A long overdue book review, my apologies. I would love to hear what you guys think and know what book(s) you are reading now. Do leave a comment!
Love, Temidayo 

Book Review: Book vs. Movie Edition – The Great Gatsby

Book

The Great Gatsbyjpg
The Great Gatsby

Name: The Great Gatsby
Author: F. Scott Fitzgerald
ISBN: 978-0-00-736865-5
Genre: Romance, Young Adult Fiction
Pages: 140
Difficulty: 4/5 Dictionaries

 

 

 

 

Plot Summary:

From the eyes of Nick Carraway, who we eventually find out is the only true friend of Jay Gatsby’s, we learn what Gatsby has sacrificed and done for Daisy Buchanan’s love.

In short, the story is about love, and how unreliable love can be especially when it is built on lies and misguided principles.

Favourite Quote:

“Whenever you feel like criticizing anyone,” he told me, “just remember that all the people in this world haven’t had the advantages that you’ve had.”

Reasons Why You Too Should Read It:

1. It’s a great book to boost your vocabulary.

Basically, for half of the book, I was stumbling on two or three new words on every page. Words such as hilarity, echolalia, caterwauling. It’s also a recommended book for those who shall be taking the SAT.

2. You learn a number of moral lessons.

You learn the ugly trait of greed and carelessness. You learn the hard truth that life isn’t always fair. You also learn that eventually the ones that we can truly depend on when all things fail is family. There are some friends that might become family, but not if the relationship was built on lies.

3. It’s a classic.

The book tells a story of the bygone age of US history. In the 20s, the parties were bigger, the morals were looser and by 1933, prohibition ended because it was clear, it had backfired. People were making their own moonshine or getting alcohol through other illegal means. The Great Gatsby is a window to the world that most Americans wanted to learn from as America became a wealthy superpower in the years after.

 

Movie

The Great Gatsby (2013 Edition)

 

This slideshow requires JavaScript.

If I had three words to describe the movie, they would be: wild, jazz and elaborate.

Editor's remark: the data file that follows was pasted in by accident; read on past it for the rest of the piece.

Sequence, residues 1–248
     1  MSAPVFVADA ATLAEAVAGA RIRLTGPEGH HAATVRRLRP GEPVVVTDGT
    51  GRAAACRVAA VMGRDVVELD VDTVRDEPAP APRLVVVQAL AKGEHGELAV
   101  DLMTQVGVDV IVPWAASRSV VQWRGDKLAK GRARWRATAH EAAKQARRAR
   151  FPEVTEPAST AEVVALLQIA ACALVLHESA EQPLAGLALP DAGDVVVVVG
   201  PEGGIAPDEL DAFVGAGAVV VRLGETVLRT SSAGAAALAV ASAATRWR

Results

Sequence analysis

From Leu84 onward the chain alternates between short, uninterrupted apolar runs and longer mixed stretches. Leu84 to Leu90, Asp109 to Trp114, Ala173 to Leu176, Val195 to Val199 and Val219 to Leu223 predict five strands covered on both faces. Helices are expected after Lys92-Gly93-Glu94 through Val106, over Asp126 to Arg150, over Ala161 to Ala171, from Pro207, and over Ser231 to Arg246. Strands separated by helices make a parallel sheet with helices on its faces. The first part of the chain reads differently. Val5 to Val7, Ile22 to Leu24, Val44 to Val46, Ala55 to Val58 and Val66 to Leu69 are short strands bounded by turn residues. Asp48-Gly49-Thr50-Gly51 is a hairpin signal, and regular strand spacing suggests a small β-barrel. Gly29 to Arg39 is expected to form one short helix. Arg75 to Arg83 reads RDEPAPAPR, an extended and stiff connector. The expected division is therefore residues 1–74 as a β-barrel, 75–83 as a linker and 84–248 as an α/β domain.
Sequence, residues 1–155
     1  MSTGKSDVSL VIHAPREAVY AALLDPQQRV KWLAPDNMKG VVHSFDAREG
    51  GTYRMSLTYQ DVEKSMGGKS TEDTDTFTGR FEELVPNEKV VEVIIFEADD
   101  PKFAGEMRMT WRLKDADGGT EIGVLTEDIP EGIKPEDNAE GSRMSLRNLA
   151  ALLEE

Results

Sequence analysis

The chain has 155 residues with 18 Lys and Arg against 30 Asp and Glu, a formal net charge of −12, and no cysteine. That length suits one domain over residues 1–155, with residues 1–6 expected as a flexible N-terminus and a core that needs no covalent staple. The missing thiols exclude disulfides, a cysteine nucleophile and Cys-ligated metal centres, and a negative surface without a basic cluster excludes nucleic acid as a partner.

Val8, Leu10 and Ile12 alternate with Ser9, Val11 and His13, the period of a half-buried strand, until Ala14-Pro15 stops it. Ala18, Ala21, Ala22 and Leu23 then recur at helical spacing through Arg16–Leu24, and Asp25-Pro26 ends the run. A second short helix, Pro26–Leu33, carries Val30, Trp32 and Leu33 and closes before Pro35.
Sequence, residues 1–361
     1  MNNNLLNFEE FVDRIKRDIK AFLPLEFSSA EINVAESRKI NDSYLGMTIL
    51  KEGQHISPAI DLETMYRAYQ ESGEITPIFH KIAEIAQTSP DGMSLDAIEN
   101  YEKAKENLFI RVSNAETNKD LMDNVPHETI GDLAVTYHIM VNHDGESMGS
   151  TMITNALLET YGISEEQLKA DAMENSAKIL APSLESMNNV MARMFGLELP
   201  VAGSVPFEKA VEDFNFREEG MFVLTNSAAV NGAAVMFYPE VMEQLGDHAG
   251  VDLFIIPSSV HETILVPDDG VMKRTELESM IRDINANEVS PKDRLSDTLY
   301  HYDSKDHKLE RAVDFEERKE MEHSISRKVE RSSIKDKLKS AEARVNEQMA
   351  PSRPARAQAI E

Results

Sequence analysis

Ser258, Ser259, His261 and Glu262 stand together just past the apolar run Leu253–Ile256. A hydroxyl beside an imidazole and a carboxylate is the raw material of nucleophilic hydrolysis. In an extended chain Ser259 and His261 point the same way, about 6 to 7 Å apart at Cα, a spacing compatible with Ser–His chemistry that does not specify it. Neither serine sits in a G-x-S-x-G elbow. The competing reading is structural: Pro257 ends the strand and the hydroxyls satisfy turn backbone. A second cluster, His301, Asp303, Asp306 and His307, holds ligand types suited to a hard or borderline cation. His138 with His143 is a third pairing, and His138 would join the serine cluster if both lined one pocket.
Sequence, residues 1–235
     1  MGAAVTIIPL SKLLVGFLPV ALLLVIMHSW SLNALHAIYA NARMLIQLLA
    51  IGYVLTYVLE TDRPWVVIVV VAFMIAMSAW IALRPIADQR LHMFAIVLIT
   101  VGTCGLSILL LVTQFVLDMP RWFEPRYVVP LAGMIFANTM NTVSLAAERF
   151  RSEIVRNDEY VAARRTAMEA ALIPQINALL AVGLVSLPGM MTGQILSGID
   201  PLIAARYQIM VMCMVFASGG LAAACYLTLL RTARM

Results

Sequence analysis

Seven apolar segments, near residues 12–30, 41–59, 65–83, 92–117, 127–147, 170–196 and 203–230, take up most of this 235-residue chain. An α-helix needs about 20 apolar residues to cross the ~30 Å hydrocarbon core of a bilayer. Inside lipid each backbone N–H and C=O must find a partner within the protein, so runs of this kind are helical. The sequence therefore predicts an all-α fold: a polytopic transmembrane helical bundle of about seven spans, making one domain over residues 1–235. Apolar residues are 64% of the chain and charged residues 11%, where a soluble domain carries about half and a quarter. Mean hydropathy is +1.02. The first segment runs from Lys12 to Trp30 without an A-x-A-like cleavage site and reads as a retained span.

In my opinion, the book trumps the movie because there is more sincerity and emotion in and between the characters. Such as that seen through Daisy and Gatsby’s love, Wilson’s pain and Nick’s disappointment at the end of the novel. I believe this is because the movie was produced for the big screen and is thus flamboyant. The audience is distracted by all the glam, and the focus on the moral lessons are minimized.

In addition, although I understand it is natural for there to be some slight differences between the movie and the book, I am pretty surprised by one. In the movie, I think Gatsby is portrayed to be a villain. One example would be when he takes Nick out to lunch and decides to tell him his story while speeding across town. It was clear that he was scheming – trying to confuse Nick and get him to believe his lies. Also, there were strange phone calls and expressions that supported such an impression.

In the book on the other hand, upon my first reading, Gatsby is portrayed to be a man who is foolishly in love. Even though he isn’t a saint, his mistakes and evil doings all seem to be the fault of Daisy’s or have Daisy as the reason.

When it comes to a book with a movie, I always read the book before watching the movie (which ever was published first, books/plays based on a movie are not as common). I would recommend doing so because you get the most accurate version of the story. What about you? What’s your habit? 

P.s I would love to hear your take on which was better, the movie or the book?

P.s.s The review was also uploaded to Goodreads, do have a look!